**Calhoun: The NPS Institutional Archive**

Faculty and Researcher Publications Faculty and Researcher Publications

2008

## Comparing designs for computer

## simulation experiments

### Johnson, Rachel T.

IEEE

Proceedings of the 2008 Winter Simulation Conference, ed. Mason, S.J., Hill, R.R., Monch, L., Rose, O., Jefferson, T., Fowler, J.W., eds. pp.463-470

*S. J. Mason, R. R. Hill, L. Mönch, O. Rose, T. Jefferson, J. W. Fowler eds. *

**COMPARING DESIGNS FOR COMPUTER SIMULATION EXPERIMENTS **

Rachel T. Johnson Bradley Jones John W. Fowler

Douglas C. Montgomery

Department of Industrial Engineering 100 SAS Campus Drive Department of Industrial Engineering

Arizona State University SAS Institute Arizona State University

Tempe, AZ 85287, U.S.A Cary, NC 27513, U.S.A Tempe, AZ 85287, U.S.A

**ABSTRACT **

The use of simulation as a modeling and analysis tool is wide spread. Simulation is an enabling tool for experi-menting virtually on a validated computer environment. Often the underlying function for the results of a comput-er simulation expcomput-eriment has too much curvature to be adequately modeled by a low order polynomial. In such cases finding an appropriate experimental design is not easy. This research uses prediction variance over the vo-lume of the design region to evaluate computer simulation experiments assuming the modeler is interested in fitting a second order polynomial or a Gaussian Process model to the response data. Both space-filling and optimal designs are considered.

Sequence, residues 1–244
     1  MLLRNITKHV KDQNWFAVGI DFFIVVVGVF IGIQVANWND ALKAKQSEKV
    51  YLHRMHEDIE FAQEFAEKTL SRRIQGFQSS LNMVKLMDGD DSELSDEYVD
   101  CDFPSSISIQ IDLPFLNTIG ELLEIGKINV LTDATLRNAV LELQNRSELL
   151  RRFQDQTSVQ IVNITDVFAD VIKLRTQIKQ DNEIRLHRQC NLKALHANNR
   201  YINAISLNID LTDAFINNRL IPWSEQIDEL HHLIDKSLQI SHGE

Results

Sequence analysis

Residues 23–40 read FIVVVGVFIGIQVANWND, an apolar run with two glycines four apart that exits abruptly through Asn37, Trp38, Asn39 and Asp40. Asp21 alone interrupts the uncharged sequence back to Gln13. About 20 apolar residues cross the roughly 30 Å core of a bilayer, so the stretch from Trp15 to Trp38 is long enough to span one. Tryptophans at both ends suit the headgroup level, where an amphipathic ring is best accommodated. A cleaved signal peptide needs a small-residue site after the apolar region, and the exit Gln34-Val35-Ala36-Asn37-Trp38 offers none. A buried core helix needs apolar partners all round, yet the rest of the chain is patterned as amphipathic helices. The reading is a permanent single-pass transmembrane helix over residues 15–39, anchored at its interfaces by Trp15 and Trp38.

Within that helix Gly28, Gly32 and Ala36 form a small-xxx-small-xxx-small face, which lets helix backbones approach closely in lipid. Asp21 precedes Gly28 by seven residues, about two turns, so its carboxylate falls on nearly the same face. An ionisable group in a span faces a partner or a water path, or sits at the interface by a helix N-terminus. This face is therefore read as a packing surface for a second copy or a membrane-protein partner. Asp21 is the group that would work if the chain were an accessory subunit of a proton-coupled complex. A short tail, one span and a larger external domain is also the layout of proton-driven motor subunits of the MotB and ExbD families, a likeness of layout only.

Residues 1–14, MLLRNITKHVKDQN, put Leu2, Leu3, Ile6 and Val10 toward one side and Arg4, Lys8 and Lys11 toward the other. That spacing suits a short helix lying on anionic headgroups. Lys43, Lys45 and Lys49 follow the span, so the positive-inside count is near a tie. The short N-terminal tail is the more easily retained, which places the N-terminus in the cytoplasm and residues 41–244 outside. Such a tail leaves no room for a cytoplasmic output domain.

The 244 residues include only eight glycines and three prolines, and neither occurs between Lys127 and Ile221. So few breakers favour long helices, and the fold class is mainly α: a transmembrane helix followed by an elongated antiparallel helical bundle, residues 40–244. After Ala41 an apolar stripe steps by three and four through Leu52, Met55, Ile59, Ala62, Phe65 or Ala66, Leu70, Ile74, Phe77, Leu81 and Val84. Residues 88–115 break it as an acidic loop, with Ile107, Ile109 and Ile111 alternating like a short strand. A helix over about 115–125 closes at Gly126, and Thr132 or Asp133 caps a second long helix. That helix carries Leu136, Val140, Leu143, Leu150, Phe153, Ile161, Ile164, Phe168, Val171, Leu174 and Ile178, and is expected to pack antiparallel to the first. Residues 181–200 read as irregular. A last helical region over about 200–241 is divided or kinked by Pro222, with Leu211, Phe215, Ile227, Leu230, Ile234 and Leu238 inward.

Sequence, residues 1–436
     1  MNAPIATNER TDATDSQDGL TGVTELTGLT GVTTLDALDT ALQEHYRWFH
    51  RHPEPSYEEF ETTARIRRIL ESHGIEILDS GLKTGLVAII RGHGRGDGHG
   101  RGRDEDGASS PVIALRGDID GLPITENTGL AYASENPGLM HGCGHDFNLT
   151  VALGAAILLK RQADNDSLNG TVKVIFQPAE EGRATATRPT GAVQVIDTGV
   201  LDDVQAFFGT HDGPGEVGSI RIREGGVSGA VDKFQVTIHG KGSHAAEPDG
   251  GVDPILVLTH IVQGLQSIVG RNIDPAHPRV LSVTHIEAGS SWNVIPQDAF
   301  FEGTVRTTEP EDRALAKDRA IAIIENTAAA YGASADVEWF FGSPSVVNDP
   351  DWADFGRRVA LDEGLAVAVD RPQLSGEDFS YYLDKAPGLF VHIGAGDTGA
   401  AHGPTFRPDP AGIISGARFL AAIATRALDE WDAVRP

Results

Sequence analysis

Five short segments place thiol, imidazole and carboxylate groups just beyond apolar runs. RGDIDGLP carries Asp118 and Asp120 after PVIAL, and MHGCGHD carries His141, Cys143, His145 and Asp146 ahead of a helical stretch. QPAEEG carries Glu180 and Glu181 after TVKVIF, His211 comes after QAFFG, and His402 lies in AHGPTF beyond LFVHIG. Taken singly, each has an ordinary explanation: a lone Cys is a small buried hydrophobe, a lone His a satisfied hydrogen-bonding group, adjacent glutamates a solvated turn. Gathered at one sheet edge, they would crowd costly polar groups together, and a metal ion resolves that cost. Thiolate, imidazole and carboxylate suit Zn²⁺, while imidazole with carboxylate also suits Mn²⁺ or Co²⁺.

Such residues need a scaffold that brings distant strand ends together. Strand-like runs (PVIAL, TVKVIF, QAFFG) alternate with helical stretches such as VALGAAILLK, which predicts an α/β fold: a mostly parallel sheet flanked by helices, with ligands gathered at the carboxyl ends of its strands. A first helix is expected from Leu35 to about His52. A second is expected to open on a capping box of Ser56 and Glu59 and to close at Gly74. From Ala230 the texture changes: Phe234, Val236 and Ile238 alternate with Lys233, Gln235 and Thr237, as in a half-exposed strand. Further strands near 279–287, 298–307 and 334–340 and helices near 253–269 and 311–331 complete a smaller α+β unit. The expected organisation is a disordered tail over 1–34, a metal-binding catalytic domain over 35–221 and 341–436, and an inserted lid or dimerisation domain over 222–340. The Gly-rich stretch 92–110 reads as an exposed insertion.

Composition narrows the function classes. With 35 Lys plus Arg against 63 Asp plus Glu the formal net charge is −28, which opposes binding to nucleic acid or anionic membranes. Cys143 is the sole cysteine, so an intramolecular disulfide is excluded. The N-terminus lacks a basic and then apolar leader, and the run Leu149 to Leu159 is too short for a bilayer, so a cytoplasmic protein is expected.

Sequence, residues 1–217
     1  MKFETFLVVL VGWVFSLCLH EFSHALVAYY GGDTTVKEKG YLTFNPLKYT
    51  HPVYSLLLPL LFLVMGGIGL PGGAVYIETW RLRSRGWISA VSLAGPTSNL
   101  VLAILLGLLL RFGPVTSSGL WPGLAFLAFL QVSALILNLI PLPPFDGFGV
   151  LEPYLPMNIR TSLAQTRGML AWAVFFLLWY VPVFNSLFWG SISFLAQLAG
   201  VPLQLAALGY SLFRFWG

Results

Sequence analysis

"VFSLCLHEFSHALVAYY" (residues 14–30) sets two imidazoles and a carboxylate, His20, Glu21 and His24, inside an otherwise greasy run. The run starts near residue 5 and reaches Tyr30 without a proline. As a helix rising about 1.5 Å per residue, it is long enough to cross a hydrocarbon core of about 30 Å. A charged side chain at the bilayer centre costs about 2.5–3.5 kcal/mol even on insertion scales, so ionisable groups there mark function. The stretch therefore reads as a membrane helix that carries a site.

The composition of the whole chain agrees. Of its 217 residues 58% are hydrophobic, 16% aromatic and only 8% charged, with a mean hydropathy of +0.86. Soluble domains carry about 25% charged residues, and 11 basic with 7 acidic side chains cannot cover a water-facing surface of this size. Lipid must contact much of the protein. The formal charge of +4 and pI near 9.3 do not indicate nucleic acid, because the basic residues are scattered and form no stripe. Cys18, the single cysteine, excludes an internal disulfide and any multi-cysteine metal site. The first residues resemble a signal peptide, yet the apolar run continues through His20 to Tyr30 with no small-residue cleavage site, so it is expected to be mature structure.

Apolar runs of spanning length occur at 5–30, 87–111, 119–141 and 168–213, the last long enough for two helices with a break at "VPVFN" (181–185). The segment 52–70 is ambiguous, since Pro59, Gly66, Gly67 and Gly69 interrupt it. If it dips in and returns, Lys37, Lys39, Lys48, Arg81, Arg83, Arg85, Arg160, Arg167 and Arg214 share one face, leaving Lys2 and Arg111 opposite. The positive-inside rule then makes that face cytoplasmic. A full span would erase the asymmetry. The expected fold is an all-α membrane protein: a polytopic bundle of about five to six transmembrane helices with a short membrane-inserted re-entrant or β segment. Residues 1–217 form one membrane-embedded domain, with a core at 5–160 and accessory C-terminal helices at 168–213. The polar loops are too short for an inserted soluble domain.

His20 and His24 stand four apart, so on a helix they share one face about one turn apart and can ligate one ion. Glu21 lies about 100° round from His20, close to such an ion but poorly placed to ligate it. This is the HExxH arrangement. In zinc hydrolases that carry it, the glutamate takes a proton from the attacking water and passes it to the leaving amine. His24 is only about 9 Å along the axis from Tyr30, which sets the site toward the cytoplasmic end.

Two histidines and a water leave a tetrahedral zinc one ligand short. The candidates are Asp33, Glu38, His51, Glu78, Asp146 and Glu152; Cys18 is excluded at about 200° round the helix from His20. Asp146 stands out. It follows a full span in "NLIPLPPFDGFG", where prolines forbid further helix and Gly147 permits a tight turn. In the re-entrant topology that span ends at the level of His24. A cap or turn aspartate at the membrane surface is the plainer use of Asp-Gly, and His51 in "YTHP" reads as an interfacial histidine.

**1** **INTRODUCTION **

Technology has had a tremendous impact on the way problems are viewed today. Computers have changed the way systems are analyzed. Prior to the use of computers, there was limited ability to study and analyze complex scientific problems which required intensive mathemati-cal analysis or offered no closed form mathematimathemati-cal solu-tion for the problem under investigasolu-tion. Now, almost every field of science and engineering makes use of com-puter programs and models that allow the simulation of a system.